North Texas Daily

Free UNT etiquette dinner registration closes today

Free UNT etiquette dinner registration closes today

March 16
23:32 2014

Tricia Sims // Intern Writer

Those wanting an edge in future employment can sign up for a place at the Career Center’s free spring Etiquette Dinner at the Gateway Ballroom using the eagle network, code 1862. The deadline is today.

“This training helps them (students) know how to professionally have a presence for dinner meetings and meals,” said Nancy Eanes, Career Center assistant director of employer services. “There is a lot of things going on with this. It is not just how to hold your fork and knife, how to seat yourself at the table and what to do with your coat and purse.”

Fourteen different companies will sponsor a separate dinner table where students will eat. Student participants are required to bring 12 copies of their résumé and dress professionally for interaction with possible employers.

“It’s a great way to meet new people and get your name out there. You never know who you may meet who can possibly help you in the future,” said merchandising senior Tyshala Bluitt, who attended in the fall. “I was able to meet other students and employers I probably wouldn’t have gotten the chance to meet if I had not attended.”

At the dinner, there will be a guest speaker who teaches students the proper etiquette and protocol of a business meeting as well as other things.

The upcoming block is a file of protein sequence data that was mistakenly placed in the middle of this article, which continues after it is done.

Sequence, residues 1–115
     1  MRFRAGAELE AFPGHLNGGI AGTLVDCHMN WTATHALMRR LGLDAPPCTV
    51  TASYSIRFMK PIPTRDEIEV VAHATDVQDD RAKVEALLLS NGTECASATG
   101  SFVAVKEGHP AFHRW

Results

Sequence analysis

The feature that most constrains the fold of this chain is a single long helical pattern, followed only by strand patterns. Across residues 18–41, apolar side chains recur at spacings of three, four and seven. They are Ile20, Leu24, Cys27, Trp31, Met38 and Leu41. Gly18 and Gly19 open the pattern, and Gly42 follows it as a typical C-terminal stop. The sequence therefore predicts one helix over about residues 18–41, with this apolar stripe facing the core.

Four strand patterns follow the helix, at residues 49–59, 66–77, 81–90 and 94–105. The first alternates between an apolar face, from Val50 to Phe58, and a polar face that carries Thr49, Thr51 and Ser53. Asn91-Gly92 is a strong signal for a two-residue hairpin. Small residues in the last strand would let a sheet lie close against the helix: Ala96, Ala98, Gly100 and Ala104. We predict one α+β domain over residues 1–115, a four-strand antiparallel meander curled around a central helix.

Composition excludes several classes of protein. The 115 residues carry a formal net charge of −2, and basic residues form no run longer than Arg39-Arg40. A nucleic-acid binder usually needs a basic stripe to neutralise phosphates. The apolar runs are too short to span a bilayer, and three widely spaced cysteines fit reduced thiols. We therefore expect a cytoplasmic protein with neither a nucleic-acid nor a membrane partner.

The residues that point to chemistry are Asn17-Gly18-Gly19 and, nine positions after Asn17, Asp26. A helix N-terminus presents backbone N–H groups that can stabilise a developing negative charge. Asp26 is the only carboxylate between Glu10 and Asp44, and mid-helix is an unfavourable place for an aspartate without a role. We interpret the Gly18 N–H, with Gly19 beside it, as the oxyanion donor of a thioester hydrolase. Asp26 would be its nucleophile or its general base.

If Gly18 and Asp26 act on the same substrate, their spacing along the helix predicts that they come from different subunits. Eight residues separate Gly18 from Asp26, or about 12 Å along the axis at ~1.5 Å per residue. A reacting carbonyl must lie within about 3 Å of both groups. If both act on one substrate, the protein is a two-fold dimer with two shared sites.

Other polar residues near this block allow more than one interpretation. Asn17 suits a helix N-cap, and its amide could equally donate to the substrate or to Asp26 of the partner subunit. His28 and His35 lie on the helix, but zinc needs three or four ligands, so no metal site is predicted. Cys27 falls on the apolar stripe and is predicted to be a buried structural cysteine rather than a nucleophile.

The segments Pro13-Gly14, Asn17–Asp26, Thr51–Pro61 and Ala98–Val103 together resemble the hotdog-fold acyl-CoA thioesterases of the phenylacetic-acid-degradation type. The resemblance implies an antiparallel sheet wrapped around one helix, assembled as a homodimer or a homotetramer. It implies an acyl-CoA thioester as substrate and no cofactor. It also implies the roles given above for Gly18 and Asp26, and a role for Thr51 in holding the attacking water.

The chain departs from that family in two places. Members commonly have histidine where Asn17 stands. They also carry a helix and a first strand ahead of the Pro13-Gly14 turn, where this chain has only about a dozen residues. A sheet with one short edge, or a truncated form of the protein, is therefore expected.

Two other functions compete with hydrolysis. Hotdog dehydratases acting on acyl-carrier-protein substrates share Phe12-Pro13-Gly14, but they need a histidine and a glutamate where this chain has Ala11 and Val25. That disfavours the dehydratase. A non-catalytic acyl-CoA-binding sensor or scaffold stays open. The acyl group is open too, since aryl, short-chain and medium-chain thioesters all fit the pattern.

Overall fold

Richard Wells, former head of the UNT journalism department, will be the facilitator. He has been trained and certified by the Protocol School of Washington and will share his experiences with students.

“We talk about dinning etiquette because quite a few students throughout the university need it when they are applying for jobs,” Wells said. “It is a common practice among some firms or organizations to take perspective employees out for a meal to see if they are well mannered.”

Twelve main dining “do’s and don’ts” will be covered in the session. Eye contact, how to make an entrance into a room, how to improve your mingling and improving hand shaking are all simple but important parts of ettiquite.

Wells, who has traveled to more than 40 different countries in the last eight years, said having these skills has been very useful throughout his life.

“Make sure you know how to work a room, know some things you should and should not discuss in a social setting,” he said. “In general, you need to be well mannered at all times.”

An important etiquette tool is paying attention to the culture and different backgrounds of people around you.

“Interacting with people in a business field, an educational field, or a science field is totally different,” said education research doctoral student Tsz Lun Chu, who went to the fall session.

About 150 students attended in the fall and Eanes said the Career Center is expecting 165 this spring.

“College should be more than just study, but to expose to different opportunities for learning about the society and the ‘real’ career world to be equipped for future success,” Chu said.

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